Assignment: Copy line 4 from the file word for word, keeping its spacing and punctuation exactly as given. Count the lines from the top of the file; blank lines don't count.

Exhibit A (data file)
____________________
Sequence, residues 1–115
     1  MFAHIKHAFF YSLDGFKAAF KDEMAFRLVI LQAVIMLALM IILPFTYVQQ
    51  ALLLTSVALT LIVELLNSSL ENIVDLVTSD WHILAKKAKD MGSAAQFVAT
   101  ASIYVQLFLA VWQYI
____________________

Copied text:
   101  ASIYVQLFLA VWQYI